Scaling the UX team
Once your product hits the market and starts gaining traction, it’s time to scale your UX team. This is most definitely one of the most important investments you’ll make into ensuring its success.
A larger design team is how you ship, validate, and experiment quickly and efficiently. While this sounds great, there are a few caveats you should take into account to make it work.
The first thing you should take a closer look at is the team’s workflow. It’s often the case that small startups will have but one designer who’s responsible for a vast spectrum of things. In cases like these, stuff like documentation, team structure, and rituals are left out.
In theory, there’s nothing wrong with that, and that’s the case for most up-and-coming businesses, but this can pose a serious threat to a scaling business.
Once your UX team starts growing, you’ll have to think about creating a sense of continuity and cohesion within it. However, very often, a startup won’t have anyone on the team that has a strong understanding of how a UX department should function and interact.
One of the ways to mitigate this problem is hiring consultants. These people are specialists that have faced the challenge you’re currently facing. Gaining access to their expertise is an invaluable investment that will safeguard you from a wide array of common pitfalls, allowing you to build an efficient team.
Once your business establishes a robust design workflow, it’s always a good idea to hire a DesignOps manager. This is a relatively new position, and its responsibilities revolve around the health of the design process, the people behind it, and the projects.
Essential UX team scaling facets
Scaling a UX team is a fairly demanding process that has many ins and outs. However, most of them can be boiled down to the following four central categories.
Team composition & structure
How many designers does a startup need? Generally speaking, most successful startups have a ratio of 1 designer per 4-5 developers. Additionally, from our personal experience, having at least one UX researcher per team will invariably help you make well-informed and data-driven product decisions.
The necessary amount of design specialists is fundamentally defined by the type of product you’re developing. For instance, Airbnb has about 70 designers on board, but it’s safe to say that not all products need as many.
One way you can determine the size of the team you need is by outlining the scope of the project. This outline will encompass the entire spectrum of work that needs to be delivered within the design department. It’s best to have a seasoned UX professional do this. Then, you can allocate each part of the scope to every seat in the design team.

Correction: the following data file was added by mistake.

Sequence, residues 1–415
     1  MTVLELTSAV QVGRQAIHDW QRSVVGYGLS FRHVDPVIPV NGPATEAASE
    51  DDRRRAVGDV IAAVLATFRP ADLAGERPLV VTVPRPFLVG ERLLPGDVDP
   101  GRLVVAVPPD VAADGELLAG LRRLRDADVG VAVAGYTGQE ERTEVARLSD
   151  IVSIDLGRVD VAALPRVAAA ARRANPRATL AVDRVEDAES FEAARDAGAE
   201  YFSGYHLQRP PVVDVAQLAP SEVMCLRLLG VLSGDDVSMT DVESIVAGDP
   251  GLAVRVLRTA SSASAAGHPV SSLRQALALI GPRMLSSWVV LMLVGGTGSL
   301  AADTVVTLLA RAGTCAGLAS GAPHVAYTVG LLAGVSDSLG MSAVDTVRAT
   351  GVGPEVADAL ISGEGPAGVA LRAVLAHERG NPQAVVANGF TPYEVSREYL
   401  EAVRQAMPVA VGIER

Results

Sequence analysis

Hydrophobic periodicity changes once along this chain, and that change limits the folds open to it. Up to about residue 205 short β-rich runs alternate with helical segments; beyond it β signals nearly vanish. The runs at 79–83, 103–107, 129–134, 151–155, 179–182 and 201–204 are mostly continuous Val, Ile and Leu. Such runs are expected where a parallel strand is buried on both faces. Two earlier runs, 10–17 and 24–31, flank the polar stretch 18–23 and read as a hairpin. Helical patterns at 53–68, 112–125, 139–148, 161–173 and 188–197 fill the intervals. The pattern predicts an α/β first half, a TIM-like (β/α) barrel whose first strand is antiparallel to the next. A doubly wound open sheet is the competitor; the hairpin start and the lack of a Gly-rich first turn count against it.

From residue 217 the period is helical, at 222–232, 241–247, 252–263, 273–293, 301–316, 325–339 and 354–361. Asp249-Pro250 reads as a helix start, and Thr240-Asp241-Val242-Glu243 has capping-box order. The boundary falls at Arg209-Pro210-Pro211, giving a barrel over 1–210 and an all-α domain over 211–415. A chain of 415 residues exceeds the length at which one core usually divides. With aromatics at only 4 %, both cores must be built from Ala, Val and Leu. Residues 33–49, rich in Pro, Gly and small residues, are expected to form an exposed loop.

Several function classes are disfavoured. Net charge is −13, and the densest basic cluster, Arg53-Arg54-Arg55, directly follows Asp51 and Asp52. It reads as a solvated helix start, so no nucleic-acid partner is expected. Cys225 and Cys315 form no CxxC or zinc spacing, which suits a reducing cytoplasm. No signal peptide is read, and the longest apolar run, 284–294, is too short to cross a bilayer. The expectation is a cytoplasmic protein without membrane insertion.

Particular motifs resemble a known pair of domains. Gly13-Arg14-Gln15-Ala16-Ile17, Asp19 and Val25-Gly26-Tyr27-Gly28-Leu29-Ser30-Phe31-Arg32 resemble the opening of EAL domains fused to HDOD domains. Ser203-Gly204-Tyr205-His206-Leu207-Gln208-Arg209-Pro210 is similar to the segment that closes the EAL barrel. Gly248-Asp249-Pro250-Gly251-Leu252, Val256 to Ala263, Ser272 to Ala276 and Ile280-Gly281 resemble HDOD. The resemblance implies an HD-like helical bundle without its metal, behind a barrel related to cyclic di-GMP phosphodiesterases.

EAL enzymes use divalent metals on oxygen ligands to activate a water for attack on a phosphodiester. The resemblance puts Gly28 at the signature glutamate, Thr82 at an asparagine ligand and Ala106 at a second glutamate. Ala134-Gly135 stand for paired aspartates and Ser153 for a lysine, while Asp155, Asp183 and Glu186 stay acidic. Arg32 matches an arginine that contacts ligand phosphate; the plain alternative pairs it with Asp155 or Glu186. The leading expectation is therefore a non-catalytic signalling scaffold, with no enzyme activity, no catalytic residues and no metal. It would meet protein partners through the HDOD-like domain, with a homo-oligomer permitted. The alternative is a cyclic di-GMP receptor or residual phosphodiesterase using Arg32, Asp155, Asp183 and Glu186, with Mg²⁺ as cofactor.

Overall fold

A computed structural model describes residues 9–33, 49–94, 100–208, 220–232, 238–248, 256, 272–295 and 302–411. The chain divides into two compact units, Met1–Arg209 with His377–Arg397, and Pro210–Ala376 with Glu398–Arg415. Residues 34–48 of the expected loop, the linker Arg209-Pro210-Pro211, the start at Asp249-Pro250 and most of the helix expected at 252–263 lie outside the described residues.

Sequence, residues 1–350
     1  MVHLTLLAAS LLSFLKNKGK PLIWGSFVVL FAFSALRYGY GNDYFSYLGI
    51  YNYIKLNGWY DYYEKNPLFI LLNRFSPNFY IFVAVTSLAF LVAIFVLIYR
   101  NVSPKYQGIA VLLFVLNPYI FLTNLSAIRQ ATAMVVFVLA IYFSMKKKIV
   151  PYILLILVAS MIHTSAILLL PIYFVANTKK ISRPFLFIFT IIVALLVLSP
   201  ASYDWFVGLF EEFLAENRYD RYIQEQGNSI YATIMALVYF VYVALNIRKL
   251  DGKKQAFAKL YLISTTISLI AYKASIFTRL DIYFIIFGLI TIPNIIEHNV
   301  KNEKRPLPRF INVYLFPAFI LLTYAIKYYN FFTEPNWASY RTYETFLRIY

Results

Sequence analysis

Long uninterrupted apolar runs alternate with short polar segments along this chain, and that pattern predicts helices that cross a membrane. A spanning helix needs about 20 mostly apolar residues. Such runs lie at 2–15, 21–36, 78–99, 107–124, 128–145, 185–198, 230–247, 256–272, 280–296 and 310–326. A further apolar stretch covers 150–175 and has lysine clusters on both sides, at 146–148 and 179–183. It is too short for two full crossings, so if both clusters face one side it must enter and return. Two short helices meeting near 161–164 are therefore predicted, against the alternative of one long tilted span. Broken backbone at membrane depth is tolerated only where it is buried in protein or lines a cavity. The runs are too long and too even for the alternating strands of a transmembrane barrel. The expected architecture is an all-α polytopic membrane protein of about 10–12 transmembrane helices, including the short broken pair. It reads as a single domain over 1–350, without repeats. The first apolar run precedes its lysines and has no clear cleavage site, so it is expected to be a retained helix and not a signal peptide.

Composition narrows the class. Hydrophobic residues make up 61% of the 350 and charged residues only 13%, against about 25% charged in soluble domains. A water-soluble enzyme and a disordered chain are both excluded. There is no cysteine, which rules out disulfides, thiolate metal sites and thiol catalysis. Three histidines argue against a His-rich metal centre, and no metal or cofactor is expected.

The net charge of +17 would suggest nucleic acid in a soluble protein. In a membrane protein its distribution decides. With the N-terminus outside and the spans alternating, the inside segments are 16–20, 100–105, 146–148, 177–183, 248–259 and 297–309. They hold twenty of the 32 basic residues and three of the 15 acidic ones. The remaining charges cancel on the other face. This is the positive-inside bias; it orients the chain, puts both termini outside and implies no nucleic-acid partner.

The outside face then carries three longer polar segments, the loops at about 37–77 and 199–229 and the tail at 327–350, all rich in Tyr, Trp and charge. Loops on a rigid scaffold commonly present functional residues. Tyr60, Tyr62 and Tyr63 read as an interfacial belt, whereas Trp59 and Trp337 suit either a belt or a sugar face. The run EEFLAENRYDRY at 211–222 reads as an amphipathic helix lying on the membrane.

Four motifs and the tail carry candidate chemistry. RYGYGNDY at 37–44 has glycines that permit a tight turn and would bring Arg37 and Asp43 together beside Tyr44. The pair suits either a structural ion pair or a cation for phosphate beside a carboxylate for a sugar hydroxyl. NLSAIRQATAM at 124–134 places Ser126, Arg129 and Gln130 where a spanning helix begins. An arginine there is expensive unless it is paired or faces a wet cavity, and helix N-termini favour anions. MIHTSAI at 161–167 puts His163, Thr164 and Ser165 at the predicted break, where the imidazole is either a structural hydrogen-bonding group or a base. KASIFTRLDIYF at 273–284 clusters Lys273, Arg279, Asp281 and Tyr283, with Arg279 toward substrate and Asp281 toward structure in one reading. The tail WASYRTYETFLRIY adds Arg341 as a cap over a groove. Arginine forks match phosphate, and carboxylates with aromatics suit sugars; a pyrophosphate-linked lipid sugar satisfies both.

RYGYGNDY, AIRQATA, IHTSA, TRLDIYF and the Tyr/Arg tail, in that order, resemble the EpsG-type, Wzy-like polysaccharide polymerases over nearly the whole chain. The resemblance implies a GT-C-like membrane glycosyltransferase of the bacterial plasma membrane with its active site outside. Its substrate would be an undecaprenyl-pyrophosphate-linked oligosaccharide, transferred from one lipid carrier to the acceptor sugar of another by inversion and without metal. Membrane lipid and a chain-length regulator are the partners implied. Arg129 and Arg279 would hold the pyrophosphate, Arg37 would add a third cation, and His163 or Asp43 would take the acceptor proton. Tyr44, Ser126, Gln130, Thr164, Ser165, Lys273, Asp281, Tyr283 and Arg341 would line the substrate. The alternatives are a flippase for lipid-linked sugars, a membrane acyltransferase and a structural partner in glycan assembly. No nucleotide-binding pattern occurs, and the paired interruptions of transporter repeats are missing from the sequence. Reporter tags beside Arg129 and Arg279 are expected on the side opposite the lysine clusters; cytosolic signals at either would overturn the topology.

The way your UX team will interact and collaborate is an essential part of its success. This is where startups define the rituals that will guide and govern the team’s activity.
A few important questions that startups need to answer to define design collaboration are:
What rituals are we going to establish to keep the design team up and running?
How are we going to ensure open and honest feedback?
How are we going to work together as a team, rather than a group of solo designers?
This might seem trivial, but not answering these questions can seriously hamper efficiency and lead to frustration.
Design, in its broadest sense, should be a company’s backbone. A designer’s mindset includes things like experimentation, being on the lookout for inspiration everywhere you can, creativity in problem-solving.
This does not mean that everyone from HR to the QA should be part-designers as well. Rather, that design as a problem-solving philosophy should govern a company’s approach to work. Therefore, establishing a designer mindset and empowering teams with a good understanding of design techniques such as workshops will work wonders.
Tools & systems
Software is an essential part of a modern workplace. Designers are no exception. This is yet another aspect of a team’s work that will help introduce continuity and cohesion in a UX department’s collaboration.
Ensuring that everyone uses and has access to the same tools, guidelines, and documentation, is how you ensure consistency within your team.
It’s essential to ensure that all the tools used within your company are compatible with each other, allow efficient collaboration, and just fit in your workflow.
Design drives innovation, which is why companies that invest in UX and have robust user-driven processes have a significant advantage on the modern market.
However, it’s vital to underline that while being beneficial, user experience needs a solid foundation to grow on. Every business has the opportunity to flourish; the crucial factor here is to have a well-thought-out set of principles and processes in place.